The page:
This summer, I am doing live sound for a couple of shows by the Greek band Lalitades. They are one of the most succesfull Greek traditional wedding and party bands, playing songs in ‘the old way’ from all over Greece but clearly specialising in the music from Epirus – which is where their roots are. Lined up with Clarinet, Violin, Laouto and voices (some handpercussion too), they get crowds going like no other, and often play for more than 6 hours non-stop. In many cases simply untill the last dancing people drop down, which is all to often around dawn. Resulting in us arriving back home some time in the morning.
Although it is only a very small part of their repertoire, I have to say I have a weak spot for their renderings of traditional Epirotic Polyphonic songs, of which you can hear a nice example here.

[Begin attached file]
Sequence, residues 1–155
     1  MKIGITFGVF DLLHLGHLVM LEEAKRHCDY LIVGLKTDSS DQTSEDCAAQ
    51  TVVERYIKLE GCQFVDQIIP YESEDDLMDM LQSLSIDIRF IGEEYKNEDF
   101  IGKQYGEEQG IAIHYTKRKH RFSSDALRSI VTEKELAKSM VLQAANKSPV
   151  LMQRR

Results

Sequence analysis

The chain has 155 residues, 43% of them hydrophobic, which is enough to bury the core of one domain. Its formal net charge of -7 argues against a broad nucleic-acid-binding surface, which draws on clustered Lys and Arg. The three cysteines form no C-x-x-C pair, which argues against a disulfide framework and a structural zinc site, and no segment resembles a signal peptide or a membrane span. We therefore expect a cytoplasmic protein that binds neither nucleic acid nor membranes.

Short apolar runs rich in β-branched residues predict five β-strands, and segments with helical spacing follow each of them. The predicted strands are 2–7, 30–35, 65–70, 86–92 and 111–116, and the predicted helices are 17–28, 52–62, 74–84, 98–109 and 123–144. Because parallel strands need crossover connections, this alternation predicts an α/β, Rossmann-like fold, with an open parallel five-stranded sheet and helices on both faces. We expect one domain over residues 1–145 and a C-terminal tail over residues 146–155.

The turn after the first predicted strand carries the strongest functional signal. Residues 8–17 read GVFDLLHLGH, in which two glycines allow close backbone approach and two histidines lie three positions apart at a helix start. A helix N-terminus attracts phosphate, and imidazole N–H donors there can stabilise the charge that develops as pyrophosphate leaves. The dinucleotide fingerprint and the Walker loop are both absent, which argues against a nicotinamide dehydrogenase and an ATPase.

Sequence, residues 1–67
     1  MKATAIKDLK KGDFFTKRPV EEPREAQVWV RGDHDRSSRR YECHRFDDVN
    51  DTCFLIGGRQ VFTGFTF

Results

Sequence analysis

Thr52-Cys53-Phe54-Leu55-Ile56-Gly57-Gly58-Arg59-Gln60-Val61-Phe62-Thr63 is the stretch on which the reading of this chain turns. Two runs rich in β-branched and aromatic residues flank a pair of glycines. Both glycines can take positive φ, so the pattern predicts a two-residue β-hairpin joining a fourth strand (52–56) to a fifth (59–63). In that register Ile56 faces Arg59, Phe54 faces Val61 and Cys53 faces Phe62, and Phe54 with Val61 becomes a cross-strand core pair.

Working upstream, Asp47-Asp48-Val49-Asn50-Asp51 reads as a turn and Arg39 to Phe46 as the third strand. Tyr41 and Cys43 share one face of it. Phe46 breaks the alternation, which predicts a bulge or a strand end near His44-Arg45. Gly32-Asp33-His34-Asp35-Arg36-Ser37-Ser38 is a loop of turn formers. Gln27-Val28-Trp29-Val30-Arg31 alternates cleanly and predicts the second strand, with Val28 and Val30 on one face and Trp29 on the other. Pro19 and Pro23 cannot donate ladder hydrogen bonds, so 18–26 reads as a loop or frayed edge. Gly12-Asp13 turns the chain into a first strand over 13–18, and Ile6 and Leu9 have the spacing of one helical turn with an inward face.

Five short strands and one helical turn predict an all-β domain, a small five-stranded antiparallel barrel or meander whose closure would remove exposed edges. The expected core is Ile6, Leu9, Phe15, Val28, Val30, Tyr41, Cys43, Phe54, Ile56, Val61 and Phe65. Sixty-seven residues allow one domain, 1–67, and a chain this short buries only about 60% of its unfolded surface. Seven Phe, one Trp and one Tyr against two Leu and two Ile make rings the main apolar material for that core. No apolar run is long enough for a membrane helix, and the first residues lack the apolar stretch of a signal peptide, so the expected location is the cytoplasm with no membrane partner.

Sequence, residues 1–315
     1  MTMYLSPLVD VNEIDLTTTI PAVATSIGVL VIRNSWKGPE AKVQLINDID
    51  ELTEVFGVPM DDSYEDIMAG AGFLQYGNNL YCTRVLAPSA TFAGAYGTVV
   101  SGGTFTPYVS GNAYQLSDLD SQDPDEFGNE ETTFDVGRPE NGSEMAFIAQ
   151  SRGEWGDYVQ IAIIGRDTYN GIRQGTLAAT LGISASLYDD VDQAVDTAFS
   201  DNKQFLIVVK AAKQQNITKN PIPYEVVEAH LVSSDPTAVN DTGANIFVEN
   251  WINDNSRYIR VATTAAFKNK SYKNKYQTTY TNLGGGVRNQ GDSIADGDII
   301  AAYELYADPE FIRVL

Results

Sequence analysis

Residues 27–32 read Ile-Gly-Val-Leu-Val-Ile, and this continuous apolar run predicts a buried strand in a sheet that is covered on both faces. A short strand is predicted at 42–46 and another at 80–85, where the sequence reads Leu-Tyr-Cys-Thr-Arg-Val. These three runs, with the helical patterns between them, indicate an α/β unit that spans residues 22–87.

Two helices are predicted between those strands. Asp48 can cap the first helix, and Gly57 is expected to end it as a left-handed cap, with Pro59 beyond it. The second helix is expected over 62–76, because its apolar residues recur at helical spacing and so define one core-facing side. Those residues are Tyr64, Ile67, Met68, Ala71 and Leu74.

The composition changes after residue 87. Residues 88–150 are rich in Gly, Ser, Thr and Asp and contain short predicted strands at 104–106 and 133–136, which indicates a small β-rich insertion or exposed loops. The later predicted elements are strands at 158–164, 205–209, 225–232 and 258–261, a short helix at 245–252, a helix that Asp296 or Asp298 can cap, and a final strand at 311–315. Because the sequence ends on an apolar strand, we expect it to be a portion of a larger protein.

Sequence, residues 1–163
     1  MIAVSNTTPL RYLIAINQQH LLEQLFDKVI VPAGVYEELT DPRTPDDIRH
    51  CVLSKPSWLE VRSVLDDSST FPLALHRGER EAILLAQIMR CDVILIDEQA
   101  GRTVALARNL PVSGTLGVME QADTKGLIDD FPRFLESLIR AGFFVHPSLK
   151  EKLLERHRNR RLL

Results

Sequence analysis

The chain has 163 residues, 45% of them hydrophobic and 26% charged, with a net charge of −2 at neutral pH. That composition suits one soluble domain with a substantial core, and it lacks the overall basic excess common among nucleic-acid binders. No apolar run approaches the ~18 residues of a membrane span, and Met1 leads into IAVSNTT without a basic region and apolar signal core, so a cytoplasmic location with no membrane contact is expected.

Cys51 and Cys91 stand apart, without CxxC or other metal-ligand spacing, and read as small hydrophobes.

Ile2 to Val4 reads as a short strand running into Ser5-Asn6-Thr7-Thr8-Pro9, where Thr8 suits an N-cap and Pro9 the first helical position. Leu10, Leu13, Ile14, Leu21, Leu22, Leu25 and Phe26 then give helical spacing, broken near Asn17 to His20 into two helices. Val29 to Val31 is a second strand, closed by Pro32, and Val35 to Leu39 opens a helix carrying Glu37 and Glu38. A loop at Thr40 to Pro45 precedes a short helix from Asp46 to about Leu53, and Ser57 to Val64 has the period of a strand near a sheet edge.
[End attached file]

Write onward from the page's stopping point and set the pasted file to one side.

By producer Waylon van der Heijden (NL), Goldfinger Productions, I was asked to play guitar on a number of tracks he is producing for several well known Dutch singers, including Django Wagner and Rene Schuurmans.
I got to use my little vintage Bruno parlour guitar a lot on these tracks, as it has a very characterful sound for fingerpicking and strumming, without nasty brightness or too pumping basses, very easy to mix. I’m trying to find out more about this guitar, it was resold by the New York based Bruno and Sons shop who were not making but reselling instruments by a number of makers, starting 1834. This guitar is more likely from around 1900. Someone I know recognised a carving on the neck as being typical for a certain banjo maker of that time, if I found out more I will post an update. And of course when the tracks of Django and Rene are released.